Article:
Katsitsakwas Ellen Gabriel

Photo via Michael Paolucci/Flickr user druojajay.

Photo via Michael Paolucci/Flickr user druojajay.

Katsitsakwas Ellen Gabriel (Kanien’kehá:ka Nation – Turtle Clan) first rose to prominence during her community’s resistance to a proposed expansion of a private nine-hole golf course into a sacred grove of pines near the town of Oka, Quebec in 1990. The resulting standoff at Kanehsatà:ke between Mohawk people and the Canadian army became known as the “Oka crisis,” and lasted for 78 days. Gabriel was chosen by the People of the Longhouse to act as a spokesperson for the community, and she became one of the faces of the struggle against the destruction of the pine grove.

The media has often presented the events at Kanehsatà:ke as a highly gendered event, with male Canadian soldiers facing off against male Mohawk warriors. The most iconic photograph of the crisis is one in which a soldier and a masked warrior stare each other down. The effect of this representation of the Oka crisis has served to erase the important role Mohawk women played in the resistance movement at Kanehsatà:ke. Gabriel was front and centre during the stand-off, acting as a key negotiatior and media spokesperson. She also spoke about the presence and leadership of women behind the barricades.

Gabriel has continued in her role as an activist for Indigenous rights since 1990. She has traveled internationally to speak about the events at Kanehsatà:ke. She has also participated in the United Nations Permanent Forum on Indigenous issues and the UN Expert Mechanism on the Rights of Indigenous Peoples.

In 2004, Gabriel was elected president of the Quebec Native Women’s Association, a position she held until 2010. During the summer of 2012, Gabriel ran in the Assembly of First Nations (AFN) leadership race for the position of national chief.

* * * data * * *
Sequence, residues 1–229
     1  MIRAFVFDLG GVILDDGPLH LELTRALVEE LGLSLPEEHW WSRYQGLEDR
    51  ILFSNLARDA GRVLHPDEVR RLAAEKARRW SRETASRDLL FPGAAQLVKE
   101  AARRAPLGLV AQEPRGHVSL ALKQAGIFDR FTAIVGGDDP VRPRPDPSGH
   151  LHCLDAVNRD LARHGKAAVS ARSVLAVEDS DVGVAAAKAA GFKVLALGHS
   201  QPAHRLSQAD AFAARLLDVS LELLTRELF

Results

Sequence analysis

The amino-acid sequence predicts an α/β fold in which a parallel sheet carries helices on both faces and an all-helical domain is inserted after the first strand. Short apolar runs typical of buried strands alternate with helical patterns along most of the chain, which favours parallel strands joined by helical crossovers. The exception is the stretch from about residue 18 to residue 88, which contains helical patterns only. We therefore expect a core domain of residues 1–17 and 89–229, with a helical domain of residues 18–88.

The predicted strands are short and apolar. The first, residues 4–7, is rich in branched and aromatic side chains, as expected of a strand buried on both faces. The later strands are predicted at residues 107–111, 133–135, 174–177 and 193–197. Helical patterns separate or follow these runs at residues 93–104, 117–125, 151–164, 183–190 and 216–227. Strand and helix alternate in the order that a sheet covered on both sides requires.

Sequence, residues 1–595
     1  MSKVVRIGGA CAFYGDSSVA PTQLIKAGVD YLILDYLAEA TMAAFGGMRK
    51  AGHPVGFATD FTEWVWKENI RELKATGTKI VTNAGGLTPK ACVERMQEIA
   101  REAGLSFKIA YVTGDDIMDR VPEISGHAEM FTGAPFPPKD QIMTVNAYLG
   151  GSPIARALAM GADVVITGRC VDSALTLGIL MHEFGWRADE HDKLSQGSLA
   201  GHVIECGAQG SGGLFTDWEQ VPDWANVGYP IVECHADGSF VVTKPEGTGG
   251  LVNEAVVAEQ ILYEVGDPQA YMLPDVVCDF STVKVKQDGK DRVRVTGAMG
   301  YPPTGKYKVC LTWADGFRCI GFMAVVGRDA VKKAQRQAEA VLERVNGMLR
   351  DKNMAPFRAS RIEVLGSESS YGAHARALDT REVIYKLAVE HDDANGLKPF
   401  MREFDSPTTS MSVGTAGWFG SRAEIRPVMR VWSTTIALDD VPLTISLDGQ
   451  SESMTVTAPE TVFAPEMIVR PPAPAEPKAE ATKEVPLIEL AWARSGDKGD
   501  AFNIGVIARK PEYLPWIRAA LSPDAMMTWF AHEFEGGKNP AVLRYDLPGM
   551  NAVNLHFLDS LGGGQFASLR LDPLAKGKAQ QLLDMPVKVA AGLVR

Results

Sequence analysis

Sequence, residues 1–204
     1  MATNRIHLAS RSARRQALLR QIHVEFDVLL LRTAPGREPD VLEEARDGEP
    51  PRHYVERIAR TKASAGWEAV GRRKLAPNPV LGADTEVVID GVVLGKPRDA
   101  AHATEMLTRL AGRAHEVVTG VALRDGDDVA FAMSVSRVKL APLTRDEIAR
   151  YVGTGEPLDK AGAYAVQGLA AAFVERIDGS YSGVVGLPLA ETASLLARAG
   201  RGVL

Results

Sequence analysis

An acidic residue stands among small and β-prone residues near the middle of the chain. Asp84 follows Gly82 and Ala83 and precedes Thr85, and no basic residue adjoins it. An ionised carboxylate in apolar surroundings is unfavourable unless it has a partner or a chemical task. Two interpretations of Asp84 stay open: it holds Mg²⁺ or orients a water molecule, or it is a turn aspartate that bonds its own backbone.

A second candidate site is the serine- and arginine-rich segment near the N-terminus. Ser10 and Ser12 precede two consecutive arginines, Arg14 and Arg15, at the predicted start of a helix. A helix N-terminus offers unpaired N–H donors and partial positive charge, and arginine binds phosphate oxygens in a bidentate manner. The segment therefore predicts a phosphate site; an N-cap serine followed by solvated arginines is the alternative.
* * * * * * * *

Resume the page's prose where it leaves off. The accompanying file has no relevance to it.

She came last in the second round of ballots, with 17 votes, after which she threw her support behind Pamela Palmater.

Further Reading and Resources

Alfred, G.R. Heeding the Voices of Our Ancestors: Kahnawake Mohawk Politics and the Rise of Native Nationalism. Oxford University Press, 1995.

Conradi, A. Uprising at Oka: A Place of Non-identification. Canadian Journal of Communication, Vol 34 (2009) 547-566.

Obomsawin, A. Kanehsatake: 270 Years of Resistance. NFB, 1993.

York, G. & Pindera, L. People of the Pines: The Warriors and the legacy of Oka. USA: Little, Brown, 1991.

Wilma Mankiller


Wilma Mankiller By Phil Konstantin

Photo by Phil Konstantin

Wilma Mankiller (Cherokee Nation) dedicated her life to the specific betterment of her people and Native America in general. She participated in the Native American Red Power movement and was present at the occupation of Alcatraz Island in 1969—calling attention to the importance of Indigenous rights, self-governance and decolonization. Her passion translated into a long a successful political career as one of the first women to lead a Native American tribe in the 20th century. Her tenure as Principle Chief of the Cherokee Nation lasted ten years (1985-1995). Through this public post, Mankiller encouraged future generations of girls to seek similar positions of responsibility and influence. Her activism did not go unnoticed, as she received numerous awards and honours, including the Presidential Medal of Freedom. She was also inducted into the USA National Women’s Hall of Fame in 1993.


Resources and Further Reading:

Mankiller, Wilma and Michael Wallis. Mankiller: A Chief and Her People (New York: St. Martin’s Press, 1999).

Edmunds, R. David. The New Warriors: Native American Leaders Since 1900 (Lincoln: University of Nebraska Press, 2001).